Are there any measurable health and safety benefits to CLT construction?

An electrician told me that when you apprentice as an electrician in the UK, you first use a hammer drill to drill into concrete. Your shoulder joint disintegrates after about 18 months, and then you learn about electrics. When we began to build Murray Grove the electricians were contracted to be on site for six weeks. After a week they had finished two-thirds of the work using only cordless screw drivers.  So they took the additional money they’d made and the whole crew went to Ibiza for two weeks; then they came back and finished it.

Are there any drawbacks working with CLT?

I haven’t found any yet.  Admittedly it’s no wonder material. You need to waterproof it properly and, you need to understand how to prevent the spread of fire. You also need to be careful about the acoustics because it’s light weight; you need to build responsibly as with all buildings. But because you’re prefabricating the structural elements to the specifications of an engineer, you end up with a very robust building.

  • Credit: Daniel Shearing
  • Credit: Daniel Shearing
  • Credit: Daniel Shearing
  • Credit: Daniel Shearing

Do you have to work with specialist contractors?

CLT is a technology in its infancy, so it’s important that you work with a licensed contractor that understands the material.  There are three major manufacturers in the UK: B&K, Stora Enso, and KLH. Those three share 95% of the UK market, and we work with all three of them all the time.

Do you also involve them in the design process?

We used to. It was exciting and imperative to work with the manufacturer from the beginning of the project to understand the capabilities of the material and to meet building regulations: fire, thermal, and acoustic. It was important that the manufacturer was invested in the process. 

What role does procurement play?

It is key. The process has to be easy, and we are learning how to do that. For Dalston Lane, we have two engineers: a retained engineer of record for the foundations and the concrete at ground- floor level, and a timber engineer. The timber engineer takes the timber to tender and is involved in the selection of the timber manufacturer, as contractor, and then it novates to that contractor. The engineer of record stays on board with the client and signs off the timber engineer’s loadings.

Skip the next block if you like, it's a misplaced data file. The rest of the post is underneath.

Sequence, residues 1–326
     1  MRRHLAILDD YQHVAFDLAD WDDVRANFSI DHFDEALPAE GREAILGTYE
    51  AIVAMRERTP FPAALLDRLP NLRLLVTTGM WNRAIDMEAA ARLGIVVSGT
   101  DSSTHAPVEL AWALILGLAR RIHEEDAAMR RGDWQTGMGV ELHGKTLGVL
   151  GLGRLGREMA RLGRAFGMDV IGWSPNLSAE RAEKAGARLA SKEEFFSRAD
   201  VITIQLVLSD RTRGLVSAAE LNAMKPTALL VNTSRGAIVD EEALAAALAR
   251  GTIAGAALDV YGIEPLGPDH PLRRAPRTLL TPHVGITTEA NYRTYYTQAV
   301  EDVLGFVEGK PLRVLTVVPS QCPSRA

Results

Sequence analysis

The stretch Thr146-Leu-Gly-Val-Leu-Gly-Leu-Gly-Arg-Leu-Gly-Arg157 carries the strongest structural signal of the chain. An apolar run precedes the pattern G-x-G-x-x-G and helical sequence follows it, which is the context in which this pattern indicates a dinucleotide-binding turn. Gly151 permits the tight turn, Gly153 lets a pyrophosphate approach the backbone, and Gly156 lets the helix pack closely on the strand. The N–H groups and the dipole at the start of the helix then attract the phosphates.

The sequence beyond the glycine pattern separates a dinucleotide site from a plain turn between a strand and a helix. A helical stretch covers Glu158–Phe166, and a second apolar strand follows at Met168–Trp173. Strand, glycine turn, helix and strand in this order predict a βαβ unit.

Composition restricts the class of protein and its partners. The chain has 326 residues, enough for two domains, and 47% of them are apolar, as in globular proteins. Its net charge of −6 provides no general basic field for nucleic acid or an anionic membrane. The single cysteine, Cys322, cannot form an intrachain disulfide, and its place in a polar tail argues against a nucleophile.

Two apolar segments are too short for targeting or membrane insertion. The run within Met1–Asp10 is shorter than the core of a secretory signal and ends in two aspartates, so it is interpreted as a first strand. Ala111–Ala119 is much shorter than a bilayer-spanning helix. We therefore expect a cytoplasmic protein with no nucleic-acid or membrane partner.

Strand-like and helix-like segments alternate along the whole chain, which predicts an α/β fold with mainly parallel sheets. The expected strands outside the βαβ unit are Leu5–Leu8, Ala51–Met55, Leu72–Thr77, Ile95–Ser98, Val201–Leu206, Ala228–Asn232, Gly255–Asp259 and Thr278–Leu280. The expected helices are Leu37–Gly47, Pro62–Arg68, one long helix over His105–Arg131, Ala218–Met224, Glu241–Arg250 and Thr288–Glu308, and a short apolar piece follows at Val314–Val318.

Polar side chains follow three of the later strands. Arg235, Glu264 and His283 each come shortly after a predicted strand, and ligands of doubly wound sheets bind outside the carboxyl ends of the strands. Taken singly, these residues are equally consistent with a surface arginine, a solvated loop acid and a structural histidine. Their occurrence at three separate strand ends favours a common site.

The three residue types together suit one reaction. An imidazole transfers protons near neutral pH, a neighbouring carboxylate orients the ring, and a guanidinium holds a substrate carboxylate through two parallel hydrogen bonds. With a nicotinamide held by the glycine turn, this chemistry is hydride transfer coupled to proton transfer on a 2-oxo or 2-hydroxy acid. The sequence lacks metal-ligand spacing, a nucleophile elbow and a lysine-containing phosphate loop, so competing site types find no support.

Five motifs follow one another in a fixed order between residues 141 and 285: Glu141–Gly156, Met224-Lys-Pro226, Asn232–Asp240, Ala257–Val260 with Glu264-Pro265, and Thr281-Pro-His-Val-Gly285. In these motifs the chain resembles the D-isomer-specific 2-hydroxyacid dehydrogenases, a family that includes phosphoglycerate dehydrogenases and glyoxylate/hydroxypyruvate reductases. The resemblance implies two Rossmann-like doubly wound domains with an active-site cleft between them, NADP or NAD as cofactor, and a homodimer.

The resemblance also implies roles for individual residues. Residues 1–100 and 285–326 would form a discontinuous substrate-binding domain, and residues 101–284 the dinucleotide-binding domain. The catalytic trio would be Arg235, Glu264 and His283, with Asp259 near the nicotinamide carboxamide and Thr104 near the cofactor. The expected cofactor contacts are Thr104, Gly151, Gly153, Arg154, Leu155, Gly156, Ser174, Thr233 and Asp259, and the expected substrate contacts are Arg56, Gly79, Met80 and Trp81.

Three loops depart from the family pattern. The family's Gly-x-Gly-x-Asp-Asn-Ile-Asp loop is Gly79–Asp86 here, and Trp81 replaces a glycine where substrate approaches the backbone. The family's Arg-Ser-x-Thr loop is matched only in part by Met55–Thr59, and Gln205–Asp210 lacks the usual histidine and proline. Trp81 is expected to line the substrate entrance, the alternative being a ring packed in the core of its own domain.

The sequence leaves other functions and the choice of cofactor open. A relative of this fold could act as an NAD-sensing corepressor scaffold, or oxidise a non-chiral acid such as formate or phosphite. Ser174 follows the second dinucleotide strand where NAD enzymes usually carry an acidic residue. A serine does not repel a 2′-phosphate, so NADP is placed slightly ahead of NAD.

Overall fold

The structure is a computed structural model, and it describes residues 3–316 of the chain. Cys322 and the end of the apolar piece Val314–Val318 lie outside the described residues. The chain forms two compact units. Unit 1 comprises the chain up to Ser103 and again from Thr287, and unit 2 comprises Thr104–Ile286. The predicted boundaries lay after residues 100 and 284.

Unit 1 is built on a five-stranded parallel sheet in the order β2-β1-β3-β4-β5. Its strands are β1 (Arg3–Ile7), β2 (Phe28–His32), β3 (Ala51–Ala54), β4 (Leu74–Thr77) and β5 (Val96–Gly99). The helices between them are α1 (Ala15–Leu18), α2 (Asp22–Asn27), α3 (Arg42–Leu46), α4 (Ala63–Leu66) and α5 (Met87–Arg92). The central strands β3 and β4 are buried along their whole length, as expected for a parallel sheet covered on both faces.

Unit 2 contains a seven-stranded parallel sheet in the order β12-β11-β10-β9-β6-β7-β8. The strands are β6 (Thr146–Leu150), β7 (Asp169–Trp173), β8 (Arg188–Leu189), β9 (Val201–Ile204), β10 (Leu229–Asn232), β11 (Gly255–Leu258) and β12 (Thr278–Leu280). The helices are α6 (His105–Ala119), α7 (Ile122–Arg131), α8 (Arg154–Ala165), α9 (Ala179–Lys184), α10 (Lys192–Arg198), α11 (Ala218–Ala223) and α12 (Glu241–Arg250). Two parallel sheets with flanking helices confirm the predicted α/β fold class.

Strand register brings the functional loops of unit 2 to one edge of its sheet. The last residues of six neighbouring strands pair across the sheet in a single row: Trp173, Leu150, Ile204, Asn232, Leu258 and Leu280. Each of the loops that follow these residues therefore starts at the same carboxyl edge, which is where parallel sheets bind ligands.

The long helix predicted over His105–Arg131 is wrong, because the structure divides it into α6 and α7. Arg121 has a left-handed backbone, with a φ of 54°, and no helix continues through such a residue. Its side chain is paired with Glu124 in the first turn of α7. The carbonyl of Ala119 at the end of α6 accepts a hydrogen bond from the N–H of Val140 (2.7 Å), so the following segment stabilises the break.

Dalston Lane is exciting for us because it is the first fully tendered CLT building in the UK. We asked each of the manufacturers for a compliant bid and a variant bid. They came back within 5% of each other, and within about one month of each other on programme.

Do you import the timber or do you source locally?

We currently import timber from Austria. We need to promote a better understanding of timber construction [in the UK]. Everybody says UK timber is not good enough, it’s too weak. It’s not. It’s good enough for CLT. CLT comes from the outside of the trunk, it’s the material that is made into MDF or paper. Laying it in perpendicular layers is what makes it so incredibly strong. The good news is there are two CLT plants being built in the UK right now.

  • Credit: Daniel Shearing
  • Credit: Daniel Shearing

How much further can you push the use of CLT  and is there a race to build the tallest CLT building?

About 25 -30 storeys is the maximum height you can go all in timber. In my view, that is as tall as you want to build housing anyway. Beyond 30 storeys you get into trouble with servicing, it’s not efficient in terms of lifts and cores.

The ‘tallest’ debate is interesting. My view on it is that it’s great PR, at the moment. Great PR turns into bad PR if you’re not careful.

A lot of these buildings are purporting to be timber buildings, but one in Chicago, for instance, has a concrete core and steel frame. One in Austria was completely built in concrete and only clad in timber, yet it was called the tallest timber building. I recognise the strength of PR in those projects. It engenders debate and promotes an interest in the material. But I think the time has come to do it properly.

My big concern is that CLT is fashionable at the moment, and unless we can establish it as a mainstream solution with in this small window of opportunity, it will soon be last year’s material.

Are you concerned clients will turn away from it?

Clients are not the problem, at the moment it’s the architectural profession. We have a multinational developer client who wants to build in CLT, but its architects are not interested. But slowly the interest in the UK is growing.

Gesine Kippenberg is practice policy and projects officer at the RIBA. This interview is  part of an RIBA series on construction innovation driven by British architects